The various artists actually playing on the stands had a hard time being heard, so turned up and just became part of the general mush.

Still, it was nice to see some friendly faces – Franck Vigroux, Stuart Clayton, Dave Marks, Bernie Goodfellow, Martin Simms, Svetlana Vasileva, the Bass Centre people, BassTech people, Bass Guitar Magazine People (who got me in for free as well – thanks very much!), and a few old friends.

Also managed to catch a few minutes of the Scottish Guitar Quartet, who even with the din in the background were fantastic. Well worth checking out.

SoundtrackPeter Gabriel, ‘Up’; Jonatha Brooke, ‘Steady Pull’; Calamateur, ‘The Old Fox of ’45’ – this last one is fantastic ; I’ve posted about Calamateur before, and this is just released – great new album, reworkings of some of the tracks that have been on EPs before, and some new stuff. Andrew’s songwriting, singing and production just gets better and better, and it’s no wonder he’s had airplay from John Peel and The Late Junction, amongst others… a lo-hi gem, highly recommended.

One Step Beyond

So I was just looking for a CD to soundtrack me washing up, and thought ‘ah I’ve not listened to that for a while, let’s give it a go’. The CD in question is ‘I Can See Your House From Here’ by Pat Metheny and John Scofield, a CD that I distinctly remember thinking ‘file under not really very good’ when I got it. Was deeply disappointed with it.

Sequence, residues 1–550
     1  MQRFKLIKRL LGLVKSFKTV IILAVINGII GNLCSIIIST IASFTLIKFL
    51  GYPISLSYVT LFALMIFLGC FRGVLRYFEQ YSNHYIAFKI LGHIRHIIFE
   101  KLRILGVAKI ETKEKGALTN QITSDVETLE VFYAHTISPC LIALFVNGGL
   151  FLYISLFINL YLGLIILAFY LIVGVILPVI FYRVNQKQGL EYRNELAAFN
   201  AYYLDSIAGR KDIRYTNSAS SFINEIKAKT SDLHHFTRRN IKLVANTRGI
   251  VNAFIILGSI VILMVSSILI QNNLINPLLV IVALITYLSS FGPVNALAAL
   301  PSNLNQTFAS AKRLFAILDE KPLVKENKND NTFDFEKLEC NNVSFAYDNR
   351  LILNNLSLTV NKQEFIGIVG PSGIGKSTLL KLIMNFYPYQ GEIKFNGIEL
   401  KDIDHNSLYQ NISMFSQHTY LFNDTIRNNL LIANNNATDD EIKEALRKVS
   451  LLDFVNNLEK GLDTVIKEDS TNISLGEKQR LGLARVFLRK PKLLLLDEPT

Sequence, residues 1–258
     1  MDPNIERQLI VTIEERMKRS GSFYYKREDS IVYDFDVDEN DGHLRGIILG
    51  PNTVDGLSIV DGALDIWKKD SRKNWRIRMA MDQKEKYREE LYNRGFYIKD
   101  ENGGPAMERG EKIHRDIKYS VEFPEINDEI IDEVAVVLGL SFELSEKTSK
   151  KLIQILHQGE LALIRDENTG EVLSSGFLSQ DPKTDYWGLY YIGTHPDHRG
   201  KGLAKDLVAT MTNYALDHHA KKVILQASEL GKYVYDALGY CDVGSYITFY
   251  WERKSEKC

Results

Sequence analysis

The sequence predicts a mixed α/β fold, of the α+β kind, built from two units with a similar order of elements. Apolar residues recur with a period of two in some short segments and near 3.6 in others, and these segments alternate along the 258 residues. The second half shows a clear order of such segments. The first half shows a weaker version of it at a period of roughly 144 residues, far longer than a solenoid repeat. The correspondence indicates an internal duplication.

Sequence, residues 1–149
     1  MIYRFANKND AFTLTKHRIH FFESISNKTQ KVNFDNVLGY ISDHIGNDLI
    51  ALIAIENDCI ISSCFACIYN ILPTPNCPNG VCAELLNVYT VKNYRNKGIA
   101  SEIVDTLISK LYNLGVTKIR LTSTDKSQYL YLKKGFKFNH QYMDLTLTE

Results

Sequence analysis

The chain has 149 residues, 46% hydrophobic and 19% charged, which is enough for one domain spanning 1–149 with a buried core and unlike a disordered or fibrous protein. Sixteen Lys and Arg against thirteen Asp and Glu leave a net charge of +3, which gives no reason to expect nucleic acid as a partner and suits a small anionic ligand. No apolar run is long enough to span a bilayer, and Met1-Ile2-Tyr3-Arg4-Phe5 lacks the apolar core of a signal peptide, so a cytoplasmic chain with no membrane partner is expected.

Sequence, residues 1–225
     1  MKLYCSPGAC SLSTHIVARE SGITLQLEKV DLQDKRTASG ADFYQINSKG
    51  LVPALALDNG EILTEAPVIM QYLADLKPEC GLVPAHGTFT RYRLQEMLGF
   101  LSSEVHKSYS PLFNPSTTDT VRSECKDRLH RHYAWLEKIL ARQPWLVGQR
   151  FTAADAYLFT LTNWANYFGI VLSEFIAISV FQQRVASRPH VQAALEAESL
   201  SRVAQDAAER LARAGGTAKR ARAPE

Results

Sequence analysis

It’s great. Very good indeed.

What lead me to not get it first time round? Expectation, I think. I knew what I thought a Metheny Scofield album should sound like, and this wasn’t it. I wanted it to be the album I’d half imagined in my head, and when it wasn’t, instead of deferring to the wisdom of the artist, I decided it was lame.

So what does this do to the critical process? We still have to formulate opinions on things, and something’s appear to be total rubbish, or at least disappointingly fall short of the potential that a group/collaboration/artist shows.